The joke goes that some people think all things in the world can be understood by dividing them into a 2x2 matrix: those who believe it and those who don't. I've come to see that when it comes to the idea of physician entrepreneurship and educating and encouraging doctors to do it, there are those who love it and those who hate it.
I think it's a good idea and have said why many times and many ways. However, here are 10 reasons why others don't think so:
1. Because they are afraid they will place the profit motive above patient interests.
2. Because they don't trust "business people" and, when it comes to medicine, "money is dirty" and the root of all evil.
3. Because they think entrepreneurship is about creating a business.
4. Because they think entrepreneurs are dishonest.
5. Because they think it corrupts the professionalism of medicine and encourages conflicts of interest.
6. Because they think it attracts the wrong kind of person into medicine.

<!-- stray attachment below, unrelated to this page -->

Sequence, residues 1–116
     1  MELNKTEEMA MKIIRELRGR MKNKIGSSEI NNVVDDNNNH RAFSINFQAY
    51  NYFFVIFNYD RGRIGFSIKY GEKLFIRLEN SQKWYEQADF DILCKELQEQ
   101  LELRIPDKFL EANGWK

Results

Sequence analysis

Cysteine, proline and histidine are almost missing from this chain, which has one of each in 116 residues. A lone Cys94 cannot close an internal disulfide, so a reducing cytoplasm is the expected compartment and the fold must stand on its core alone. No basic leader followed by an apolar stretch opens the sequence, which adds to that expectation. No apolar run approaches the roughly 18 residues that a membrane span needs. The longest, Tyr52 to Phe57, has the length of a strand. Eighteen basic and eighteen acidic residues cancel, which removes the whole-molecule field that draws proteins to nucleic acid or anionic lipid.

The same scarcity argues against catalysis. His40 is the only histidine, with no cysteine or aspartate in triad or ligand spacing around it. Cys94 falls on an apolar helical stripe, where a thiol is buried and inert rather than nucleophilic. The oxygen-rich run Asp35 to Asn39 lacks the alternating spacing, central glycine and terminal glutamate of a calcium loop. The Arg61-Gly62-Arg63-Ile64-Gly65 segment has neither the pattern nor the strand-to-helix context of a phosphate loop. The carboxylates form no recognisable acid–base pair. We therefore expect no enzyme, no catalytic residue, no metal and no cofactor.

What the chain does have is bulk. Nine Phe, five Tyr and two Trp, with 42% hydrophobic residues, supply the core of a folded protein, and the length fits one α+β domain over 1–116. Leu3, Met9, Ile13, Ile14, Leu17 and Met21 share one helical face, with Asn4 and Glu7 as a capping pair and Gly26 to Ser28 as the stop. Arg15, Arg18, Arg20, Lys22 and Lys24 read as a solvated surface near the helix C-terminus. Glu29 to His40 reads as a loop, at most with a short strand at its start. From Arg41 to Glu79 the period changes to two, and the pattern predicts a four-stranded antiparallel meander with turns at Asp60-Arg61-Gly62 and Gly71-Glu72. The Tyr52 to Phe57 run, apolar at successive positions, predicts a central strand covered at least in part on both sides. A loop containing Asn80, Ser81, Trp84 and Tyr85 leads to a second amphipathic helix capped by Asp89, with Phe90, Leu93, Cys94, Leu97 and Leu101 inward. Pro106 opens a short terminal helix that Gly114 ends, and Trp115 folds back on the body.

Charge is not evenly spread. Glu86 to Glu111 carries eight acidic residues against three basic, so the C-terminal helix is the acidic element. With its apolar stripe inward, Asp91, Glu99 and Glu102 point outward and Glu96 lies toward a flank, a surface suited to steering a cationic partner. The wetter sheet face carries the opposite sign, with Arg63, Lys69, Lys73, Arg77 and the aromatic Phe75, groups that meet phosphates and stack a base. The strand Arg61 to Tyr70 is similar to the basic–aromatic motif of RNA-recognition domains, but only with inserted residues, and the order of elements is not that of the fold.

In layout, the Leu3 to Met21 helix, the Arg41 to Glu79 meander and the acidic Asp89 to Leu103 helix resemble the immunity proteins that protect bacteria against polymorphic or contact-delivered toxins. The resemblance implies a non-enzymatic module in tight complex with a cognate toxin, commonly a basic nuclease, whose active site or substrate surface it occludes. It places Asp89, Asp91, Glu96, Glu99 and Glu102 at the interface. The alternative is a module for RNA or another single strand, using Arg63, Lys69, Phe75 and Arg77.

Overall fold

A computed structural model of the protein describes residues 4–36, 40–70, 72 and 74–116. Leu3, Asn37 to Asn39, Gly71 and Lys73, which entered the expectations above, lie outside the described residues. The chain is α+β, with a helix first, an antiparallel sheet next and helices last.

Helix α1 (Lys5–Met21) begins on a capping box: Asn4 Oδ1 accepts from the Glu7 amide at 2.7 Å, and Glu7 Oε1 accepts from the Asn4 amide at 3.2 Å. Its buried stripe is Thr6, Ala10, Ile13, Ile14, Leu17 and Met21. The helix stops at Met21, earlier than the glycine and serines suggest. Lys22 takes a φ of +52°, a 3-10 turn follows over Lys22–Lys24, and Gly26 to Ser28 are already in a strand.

7. Because they think it is a waste of a medical school education and has no place in the curriculum.
8. Because they are fed up with "high priced suits" who don't add value ripping off the system.
9. Because they don't think doctors can do both and should stick to medicine.
10. Because they think doctors are innately lousy business people.
Some are really worried that this will empower doctors and restore them to their rightful place at the table. They are all valid concerns. Unfortunately, in my view, while there are lot of bad apples in any profession, there are countless examples of physician entrepreneurs demonstrating the contrary.
Physician entrepreneurship should not be feared, but encouraged. Adding value through the deployment of innovation to a system riddled with waste should be encouraged not discouraged. Yes, doctors can chew gum and walk at the same time and that's good for patients. You don't have to leave the bedroom light on tonight after all.